Older teenagers and adults
R for gangster violence and some language.
July 1, 2009
Johnny Depp, Christian Bale, Marion Cotillard, Billy Crudup, Channing Tatum, David Wenham
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- Public Enemies is a very good gangster movie, but it is not an excellent one. It is more of a realistic historical drama about Depression-era bank robber John Dillinger and his nemesis, FBI Agent Melvin Purvis. The movie’s realistic tone is not always matched by historical accuracy, however. Although parts of the movie are historically accurate, the movie changes the sequences of events in Dillinger’s criminal career to make him appear more sympathetic than he actually was.
The movie stars Johnny Depp in the role of Dillinger. It opens with Dillinger and his gang breaking three of their buddies out of the state penitentiary in Illinois. Although Dillinger’s criminal mentor dies during the escape, the gang soon begins robbing banks like Jesse James used to rob trains.
In Chicago, Dillinger’s base of operations, Dillinger woos hatcheck girl Billie Frechette, the love of his life. He makes no secret of his criminal avocation, but Billie falls for his charms anyway.
Meanwhile, J. Edgar Hoover, the head of the FBI, is concerned about the Robin Hood reputation Dillinger seems to cultivate. For example, Dillinger makes it a point not to take the bank customers’ money. This helps him build a following among the people, who have grown to hate the bankers. Hoover names Dillinger Public Enemy No. 1 and promotes handsome Agent Melvin Purvis to snare Dillinger.
This begins a contest of wills as Purvis and his men risk their lives, and the lives of innocent civilians, to bring Dillinger and his gang to justice. Dillinger and his cohorts, who include the psychopathic killer Baby Face Nelson, prove to be more elusive than anyone imagined.
Some may be disappointed that Public Enemies does not have the raw energy of some of the better-made gangster movies, such as James Cagney’s movies during the 1930s or even Bonnie & Clyde. The filmmakers seem to be aiming for a more realistic portrayal. Even so, this makes the movie seem too subdued.
Also, the movie changes around some of the events in Dillinger’s life to make him appear more sympathetic. For example, though he helped plan the escape that opens the movie, Dillinger was already in jail in Ohio when it took place. After his buddies escaped from the state pen, killing two guards, three of them helped spring Dillinger out of the Ohio jail, killing the sheriff in the process. Thus, Dillinger and his gang were already responsible for killing three people by the time he returns in the movie to Chicago and meets Billie (in actuality, Dillinger apparently had met Billie sometime before he was arrested in Ohio, or so the real story goes).
The movie also changes the timelines involving the deaths of Pretty Boy Floyd and Baby Face Nelson. It shows Purvis killing Floyd before he starts chasing Dillinger, and Purvis killing Nelson during a famous shootout with the Dillinger gang in Wisconsin. In reality, Purvis did not lead the final hunt and killing of Floyd until after Dillinger was dead, and he had nothing to do whatsoever in the death of Nelson, who was killed in a shootout with four other FBI agents a month after Floyd died.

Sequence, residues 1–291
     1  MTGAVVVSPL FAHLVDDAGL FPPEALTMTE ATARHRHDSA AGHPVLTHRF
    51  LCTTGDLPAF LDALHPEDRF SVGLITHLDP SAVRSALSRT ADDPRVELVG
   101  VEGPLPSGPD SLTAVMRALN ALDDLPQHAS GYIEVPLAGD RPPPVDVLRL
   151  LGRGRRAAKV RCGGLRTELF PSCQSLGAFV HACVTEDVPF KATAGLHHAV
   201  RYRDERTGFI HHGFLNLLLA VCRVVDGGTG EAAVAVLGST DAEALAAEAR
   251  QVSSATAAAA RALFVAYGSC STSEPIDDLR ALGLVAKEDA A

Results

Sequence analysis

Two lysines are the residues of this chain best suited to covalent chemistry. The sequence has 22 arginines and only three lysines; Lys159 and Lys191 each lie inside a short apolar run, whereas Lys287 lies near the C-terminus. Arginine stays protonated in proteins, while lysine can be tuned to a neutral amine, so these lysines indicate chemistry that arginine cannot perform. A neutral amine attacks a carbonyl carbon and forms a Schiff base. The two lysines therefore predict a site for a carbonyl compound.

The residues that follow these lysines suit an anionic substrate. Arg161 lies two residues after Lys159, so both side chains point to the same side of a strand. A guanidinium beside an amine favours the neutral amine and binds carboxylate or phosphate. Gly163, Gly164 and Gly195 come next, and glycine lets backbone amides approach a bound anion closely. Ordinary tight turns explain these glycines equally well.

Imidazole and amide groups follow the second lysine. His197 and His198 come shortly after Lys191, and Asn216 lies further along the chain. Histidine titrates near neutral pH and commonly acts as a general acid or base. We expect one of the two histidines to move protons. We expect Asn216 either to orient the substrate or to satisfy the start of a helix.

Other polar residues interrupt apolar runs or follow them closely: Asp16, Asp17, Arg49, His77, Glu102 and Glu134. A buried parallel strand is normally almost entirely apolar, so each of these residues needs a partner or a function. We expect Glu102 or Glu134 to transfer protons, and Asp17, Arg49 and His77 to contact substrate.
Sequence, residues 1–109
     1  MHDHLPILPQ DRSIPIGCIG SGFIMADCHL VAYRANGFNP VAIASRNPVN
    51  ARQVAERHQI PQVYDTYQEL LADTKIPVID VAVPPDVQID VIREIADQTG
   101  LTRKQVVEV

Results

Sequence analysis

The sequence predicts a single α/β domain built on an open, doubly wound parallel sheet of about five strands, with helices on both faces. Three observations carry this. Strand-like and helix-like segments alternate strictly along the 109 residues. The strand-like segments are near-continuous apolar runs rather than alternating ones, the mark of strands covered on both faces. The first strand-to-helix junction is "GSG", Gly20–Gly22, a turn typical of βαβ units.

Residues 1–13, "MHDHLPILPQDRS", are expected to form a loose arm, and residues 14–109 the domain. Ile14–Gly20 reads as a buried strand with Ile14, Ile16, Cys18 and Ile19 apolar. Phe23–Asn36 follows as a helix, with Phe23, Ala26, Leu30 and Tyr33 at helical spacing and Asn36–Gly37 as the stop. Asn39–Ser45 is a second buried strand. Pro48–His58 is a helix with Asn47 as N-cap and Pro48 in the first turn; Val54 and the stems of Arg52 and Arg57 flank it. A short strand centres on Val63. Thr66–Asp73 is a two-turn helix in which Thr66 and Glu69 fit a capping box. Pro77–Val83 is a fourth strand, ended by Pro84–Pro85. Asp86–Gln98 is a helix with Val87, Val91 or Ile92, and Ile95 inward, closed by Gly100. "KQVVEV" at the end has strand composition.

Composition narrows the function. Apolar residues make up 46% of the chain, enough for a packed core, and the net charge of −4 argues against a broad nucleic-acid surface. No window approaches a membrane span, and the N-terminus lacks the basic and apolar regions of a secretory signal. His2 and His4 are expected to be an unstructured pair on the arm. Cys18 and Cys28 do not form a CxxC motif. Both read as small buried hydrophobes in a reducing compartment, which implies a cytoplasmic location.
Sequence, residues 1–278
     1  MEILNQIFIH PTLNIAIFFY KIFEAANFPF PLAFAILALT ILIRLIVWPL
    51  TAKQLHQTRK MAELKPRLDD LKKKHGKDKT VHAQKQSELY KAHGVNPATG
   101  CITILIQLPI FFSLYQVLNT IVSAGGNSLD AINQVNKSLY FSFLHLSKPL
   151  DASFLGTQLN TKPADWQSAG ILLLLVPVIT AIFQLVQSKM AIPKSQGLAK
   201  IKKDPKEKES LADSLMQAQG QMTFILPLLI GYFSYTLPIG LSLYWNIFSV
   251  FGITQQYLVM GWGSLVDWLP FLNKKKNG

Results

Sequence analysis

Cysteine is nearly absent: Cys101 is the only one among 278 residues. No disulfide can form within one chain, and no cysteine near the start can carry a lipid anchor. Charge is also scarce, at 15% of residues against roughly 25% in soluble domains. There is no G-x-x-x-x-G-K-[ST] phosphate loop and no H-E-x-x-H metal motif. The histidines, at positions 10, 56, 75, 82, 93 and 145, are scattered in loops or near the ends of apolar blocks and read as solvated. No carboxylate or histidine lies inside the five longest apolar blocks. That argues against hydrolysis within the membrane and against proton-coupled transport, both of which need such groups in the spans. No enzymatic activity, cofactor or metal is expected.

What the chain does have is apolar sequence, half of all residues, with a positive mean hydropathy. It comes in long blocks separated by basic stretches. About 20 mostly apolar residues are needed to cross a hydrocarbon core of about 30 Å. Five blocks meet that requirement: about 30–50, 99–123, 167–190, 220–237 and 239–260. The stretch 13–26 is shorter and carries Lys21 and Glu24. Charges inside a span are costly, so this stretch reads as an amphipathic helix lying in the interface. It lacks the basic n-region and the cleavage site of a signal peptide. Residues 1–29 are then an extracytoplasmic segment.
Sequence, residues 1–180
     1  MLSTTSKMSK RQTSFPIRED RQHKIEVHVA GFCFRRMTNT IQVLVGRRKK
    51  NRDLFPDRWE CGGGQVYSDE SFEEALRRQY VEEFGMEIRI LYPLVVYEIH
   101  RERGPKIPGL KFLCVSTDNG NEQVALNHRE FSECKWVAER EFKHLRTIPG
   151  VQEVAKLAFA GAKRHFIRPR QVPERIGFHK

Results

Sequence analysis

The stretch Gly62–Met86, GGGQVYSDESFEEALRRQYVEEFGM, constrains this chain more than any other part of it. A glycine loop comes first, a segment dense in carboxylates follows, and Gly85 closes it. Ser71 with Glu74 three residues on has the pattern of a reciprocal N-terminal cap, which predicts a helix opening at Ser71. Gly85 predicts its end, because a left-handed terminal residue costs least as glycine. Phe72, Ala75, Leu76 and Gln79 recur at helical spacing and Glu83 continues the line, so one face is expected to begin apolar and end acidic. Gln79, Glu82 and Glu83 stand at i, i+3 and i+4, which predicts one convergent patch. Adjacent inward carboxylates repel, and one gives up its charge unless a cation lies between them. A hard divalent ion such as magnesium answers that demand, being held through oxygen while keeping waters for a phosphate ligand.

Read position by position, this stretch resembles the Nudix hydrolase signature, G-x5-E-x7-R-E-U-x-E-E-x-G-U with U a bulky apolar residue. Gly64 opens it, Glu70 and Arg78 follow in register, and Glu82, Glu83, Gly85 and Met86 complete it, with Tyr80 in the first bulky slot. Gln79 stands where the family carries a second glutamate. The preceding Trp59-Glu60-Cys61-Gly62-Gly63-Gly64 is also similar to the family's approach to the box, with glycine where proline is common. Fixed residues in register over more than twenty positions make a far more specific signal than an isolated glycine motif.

Public Enemies depicts J. Edgar Hoover as an ambitious, publicity-seeking bureaucrat. He tells Purvis to use harsher methods when Purvis tells him, after a couple unsuccessful run-ins with Dillinger and his gang, that the FBI agents are no match for such hardened criminals. Eventually, apparently, Hoover decided to force Purvis out of the FBI after Purvis was publicly extolled for getting Dillinger and Pretty Boy Floyd, and leading the manhunt that eventually got Baby Face Nelson.
All of that aside, the movie accurately depicts Dillinger releasing the hostages he sometimes took during his bank robberies. It also accurately shows that Purvis did not really fire the shot that killed Dillinger. It also shows truthfully that Purvis and his men accidentally killed two civilians when they had surrounded a Wisconsin resort where Dillinger, Baby Face Nelson, and the gang had holed up.
In the end, Public Enemies depicts Dillinger as more sympathetic than he was, and depicts Melvin Purvis more accurately as a policeman with some flaws (there is an allegation elsewhere [not in the movie] that Purvis ordered an officer to kill Pretty Boy Floyd after Floyd had been only wounded severely in a shootout). Ultimately, the movie relishes Dillinger’s rebellion while honoring the integrity, caring, and determination that Purvis brought to his job. The movie implies, however, that Purvis became tormented by the fact that Dillinger was shot dead rather than arrested.
The violence in Public Enemies is not as bloody and graphic as it could have been. Also, there is minimal foul language, only a flash of nudity in one scene and only implied sexual relations between the gangsters and their women. Still, the movie is appropriately rated R, so extreme caution is advised.
Address comments to:
Jeffrey R. Immelt, Chairman/CEO, General Electric
Jeff Zucker, President/CEO, NBC Universal
Ron Meyer, President/COO, Universal Studios
Marc Shmuger, Chairman
David Linde, Co-Chairman
100 Universal City Plaza
Universal City, CA 91608-1085
Phone: (818) 777-1000
Web site: www.universalstudios.com
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